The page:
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Column: Worthington has come a long way from poor farms to nursing homes

Editor's note: Former longtime Daily Globe Editor Ray Crippen died Dec. 27, 2015. We will continue to publish previously run "Isn't That Something" columns on Saturdays, until further notice, as a tribute to Crippen. The following column first ap...

Editor’s note: Former longtime Daily Globe Editor Ray Crippen died Dec. 27, 2015. We will continue to publish previously run “Isn’t That Something” columns on Saturdays, until further notice, as a tribute to Crippen. The following column first appeared Sept. 23, 2006.

WORTHINGTON - On the morning after Easter, many Easters gone by, Rose Markman stopped by our house to report an old man at the poor farm had hanged himself the morning before. Hanged himself on Easter morning.

I think I shivered. It was about the first time I had heard of a suicide. It also was one of the few times I had heard of the poor farm.

By that date, it was not a farm any longer. It was a large house on a large lot on Burlington Avenue. With one gone, there still were six old men in residence. They helped with a big garden, and they did chores. No trained care was provided. The men bathed themselves only irregularly. Their beds had no sheets.

This was the fate of many old people in that time before Social Security and Medicare, and before licensed nursing homes. It might have been the fate of some of us.

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Lately, I was talking Betty Atchison. Betty picked up the story at that date - six decades gone by - and traced the beginning of nursing homes at Worthington, which really is the beginning of nursing homes for all our region.

Dave and Effa Fauskee, with their young family, were living on 10th Street. Effa’s parents, Mr. and Mrs. Charles Erwin, lived in a large house on McMillan Street, at what later would be made the intersection with Clary Street.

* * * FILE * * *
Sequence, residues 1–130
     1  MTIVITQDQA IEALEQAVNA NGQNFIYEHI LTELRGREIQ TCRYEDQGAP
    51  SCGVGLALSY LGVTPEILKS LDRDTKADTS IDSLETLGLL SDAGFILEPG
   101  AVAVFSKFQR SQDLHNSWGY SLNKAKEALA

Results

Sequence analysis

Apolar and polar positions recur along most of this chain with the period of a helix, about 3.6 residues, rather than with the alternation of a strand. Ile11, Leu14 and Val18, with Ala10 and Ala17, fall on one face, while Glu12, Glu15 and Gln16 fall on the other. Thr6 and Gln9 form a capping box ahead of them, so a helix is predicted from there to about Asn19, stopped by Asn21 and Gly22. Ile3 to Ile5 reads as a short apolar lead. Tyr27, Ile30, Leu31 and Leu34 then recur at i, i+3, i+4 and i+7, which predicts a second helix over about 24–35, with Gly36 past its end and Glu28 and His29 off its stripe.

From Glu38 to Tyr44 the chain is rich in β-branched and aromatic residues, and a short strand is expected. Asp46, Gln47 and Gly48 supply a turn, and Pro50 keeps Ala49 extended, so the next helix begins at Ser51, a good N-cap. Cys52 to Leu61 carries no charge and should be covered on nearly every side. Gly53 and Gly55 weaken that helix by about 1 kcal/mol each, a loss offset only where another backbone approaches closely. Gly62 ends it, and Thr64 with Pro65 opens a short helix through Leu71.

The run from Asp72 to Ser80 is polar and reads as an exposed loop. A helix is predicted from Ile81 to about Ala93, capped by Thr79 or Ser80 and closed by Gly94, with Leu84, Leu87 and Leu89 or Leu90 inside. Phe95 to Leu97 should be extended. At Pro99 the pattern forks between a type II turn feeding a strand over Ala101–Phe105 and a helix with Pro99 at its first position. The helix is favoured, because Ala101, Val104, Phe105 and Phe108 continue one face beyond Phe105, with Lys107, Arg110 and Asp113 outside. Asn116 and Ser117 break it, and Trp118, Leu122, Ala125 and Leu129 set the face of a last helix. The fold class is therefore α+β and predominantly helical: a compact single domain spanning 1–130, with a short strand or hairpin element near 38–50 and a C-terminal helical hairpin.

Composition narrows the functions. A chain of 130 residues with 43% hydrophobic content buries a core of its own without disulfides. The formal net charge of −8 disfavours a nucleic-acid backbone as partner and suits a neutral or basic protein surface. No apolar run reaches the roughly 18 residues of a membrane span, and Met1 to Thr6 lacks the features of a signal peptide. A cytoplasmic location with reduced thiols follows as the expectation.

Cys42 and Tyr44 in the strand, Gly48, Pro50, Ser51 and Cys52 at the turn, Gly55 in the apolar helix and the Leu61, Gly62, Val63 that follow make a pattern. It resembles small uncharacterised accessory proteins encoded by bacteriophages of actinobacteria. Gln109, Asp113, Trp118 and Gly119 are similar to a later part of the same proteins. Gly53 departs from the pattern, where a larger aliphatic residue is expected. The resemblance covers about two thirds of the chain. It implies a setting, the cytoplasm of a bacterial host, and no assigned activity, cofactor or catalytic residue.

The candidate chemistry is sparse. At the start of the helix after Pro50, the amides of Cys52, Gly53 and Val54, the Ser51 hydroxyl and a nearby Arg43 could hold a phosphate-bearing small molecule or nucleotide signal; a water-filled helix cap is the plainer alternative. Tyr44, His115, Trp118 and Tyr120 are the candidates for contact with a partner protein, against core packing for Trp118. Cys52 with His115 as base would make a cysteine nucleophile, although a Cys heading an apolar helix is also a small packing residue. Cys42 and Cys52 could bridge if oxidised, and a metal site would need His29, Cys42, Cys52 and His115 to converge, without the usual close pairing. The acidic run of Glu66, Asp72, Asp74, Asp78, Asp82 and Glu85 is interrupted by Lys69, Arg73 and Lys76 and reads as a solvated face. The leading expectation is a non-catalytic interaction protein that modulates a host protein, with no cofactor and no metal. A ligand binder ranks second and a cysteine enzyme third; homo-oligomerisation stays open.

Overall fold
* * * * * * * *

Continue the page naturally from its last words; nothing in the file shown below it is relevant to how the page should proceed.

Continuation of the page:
“Grandpa went to mother [to Effa],” Betty said. “Grandpa asked mother to come home and to take care of Grandma. He said Grandma was very low.”

The Fauskees agreed to make the move. It fell on Effa Fauskee to care first for her failing mother and then for her father. Along the way, she found other local people in failing health and in poverty. She brought them to the McMillan Street house, and she cared for them as she did for her parents.

“She was just a totally caring person,” Betty says. “She did meals, she did laundry - she cut people’s nails.”

The Minnesota legislature ruled Minnesota’s poor farms must be abolished. John Manion, who was director of relief - welfare - in Nobles County went to Effa Fauskee. “We have to find a place for six old men,” Manion said. “Would you take them?” Mrs. Fauskee said she would.

The men arrived. Their trunks with all their possessions were brought to the front lawn. “That really was the beginning,” Betty says. Worthington had its first nursing home, Fauskee Nursing Home. An annex with three bedrooms, a dining room, and a bath was added to the house. The home was licensed. Betty and her mother both became licensed practical nurses.

Growth followed growth. The annex was followed by the first addition. “By 1952,” Betty remembers, “there was a big waiting list. Well, there was no other home around, none at Luverne, none at Slayton, none at Jackson.”

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Betty and Alfred Atchison opened a second home, Haven Home, at 706 Clary St., which continued the expansion. “Alfred built it room by room,” Betty says.

In 1954, the Atchisons bought the large, original H.J. Ludlow house on South Shore Drive. “That house is awesome,” Betty exclaims. “That certainly is one of Worthington’s historic houses. You know, the first story is all rock. The walls are 18 inches thick.”

The Ludlow house became Lake Haven. “That was for patients who were up and about. We assigned patients who were bedridden to Haven Home.”

“At that time, we had chickens - Charlie Burnham raised chickens for us. We always had fresh eggs. We all worked together. Alfred even would sometimes hang laundry on the line.”

Betty continued studies, becoming an RN and earning a separate BA degree in guidance and counseling. There came to be A Wing, extending west from the house. Then B Wing. C Wing and D Wing came through 1968 and 1969.

“Worthington had come a long ways,” Betty Atchison reflects. “By that time we were about 25 years from the days of the poor farm, those old men with no money, even battling bed bugs.”

“Once families cared for their own elderly,” Betty remembers. “Even 50 years ago, this still was true. Our society has changed greatly since those times. The coming of nursing homes was a Worthington milestone.”

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